Is It Worth Contesting a Will?

Contesting a will can be hard on all parties involved in the legal battle, but there are cases where it is worth it. However, because it can take months to go through the court processes necessary to successfully challenge a will, there are situations where contesting a will would not be in anyone’s best interest. 

Because each will contest is different, the costs of challenging a will vary depending on the specific circumstances of your case. However, most contests will cost thousands of dollars in legal fees, with attorney retainers generally ranging from $5,000 to $10,000. It is challenging to successfully contesting a will, so it is highly advisable to discuss your case with a reputable will contest lawyer before taking any action. 

Whether it will be worth it to contest a will depends on factors such as how large the disputed estate is, the value of the assets you stand to recover, and how sound your arguments against the will’s validity are. An experienced estate litigation attorney can assess the strength of your case and help you decide if the potential benefits of contesting the will are worth the emotional and financial costs. 

What are reasons to contest a will?

You cannot contest a will simply because you don’t like what it says. Instead, to dispute a will, you must have legal grounds to challenge the will’s validity. The most common reasons to contest a will are outlined in the sections below.

Legal Formalities Were Not Followed When Creating the Will

For a will to be legally enforceable, the person making it must follow specific legal formalities required under state law. The particular specifications vary from state to state, but everyone who creates a will usually must adhere to all of the following requirements for the will to be valid:

  • The person making the will must be of legal age.
  • The person making the will must have testamentary intent, which means they must want the document to serve as their will.

Additionally, in order to verify the document’s validity, the person making the will usually must sign it in front of at least two witnesses (some states require more), and the witnesses must sign the will as well. However, there is an exception to the witness and signature requirements for hand-written (“holographic”) wills.

Lack of Testamentary Capacity 

For a will to be valid, the person creating it must have “testamentary capacity.” This means that they must have sufficient mental awareness to comprehend three fundamental concepts:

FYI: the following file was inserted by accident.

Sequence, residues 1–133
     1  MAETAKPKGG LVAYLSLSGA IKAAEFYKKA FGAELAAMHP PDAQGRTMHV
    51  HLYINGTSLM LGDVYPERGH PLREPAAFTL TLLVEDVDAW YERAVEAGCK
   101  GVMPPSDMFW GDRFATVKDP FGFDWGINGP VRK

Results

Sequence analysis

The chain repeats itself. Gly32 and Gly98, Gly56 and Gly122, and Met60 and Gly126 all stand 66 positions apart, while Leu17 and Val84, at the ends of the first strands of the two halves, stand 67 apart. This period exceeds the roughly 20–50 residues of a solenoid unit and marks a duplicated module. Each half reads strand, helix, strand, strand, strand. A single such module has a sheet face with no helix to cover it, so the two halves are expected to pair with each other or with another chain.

• The extent of their estate
  • That they are creating is a will
  • Who will inherit their assets 

Undue Influence 

Another common reason to contest a will contest is undue influence or fraud. In cases of undue influence, the person executing the will did not create it of their own free will. Rather, they were compelled to make the will or name someone as a beneficiary when they would not have otherwise done so.

Fraud

Fraudulent wills may also be contested. This includes forged and otherwise fraudulent will documents, as well as wills that were executed through fraud. For example, if a fraudster tricked someone into signing a will by telling them it was a different document, the will could be challenged as a fraudulently-induced legal document. 

Who pays legal costs when contesting a will?

Usually, the person contesting a will is responsible for paying the legal costs. However, a successful challenger may be able to be reimbursed for litigation costs from the estate’s assets in some circumstances.

In probate litigation, each side of a dispute is responsible for its own attorney fees. The person who initiates a will contest will also have to cover any court filing fees and other expenses. However, depending on the law in your state, you may be able to request to be reimbursed for your expenses from the estate’s funds if you can prove that your actions benefitted the estate. An experienced probate litigation attorney can help you navigate the will contest process and explain your potential options for recovering your legal costs.

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Call (424) 320-9444 or email hello@rmolawyers.com

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About RMO, LLP

RMO LLP serves clients in Los Angeles, Santa Monica, Ventura, Santa Barbara, San Francisco, Orange County, San Diego, Kansas City, Miami, and communities throughout California, Florida, Missouri, and Kansas. Our founder, Scott E. Rahn, has been named “Top 100 – Trust and Estate Litigation” by SuperLawyers, Trusts and Estates Litigator of the Year, and Best Lawyers in America for Litigation – Trusts and Estates. For a free consultation, call (424) 320-9444 or visit: https://rmolawyers.com.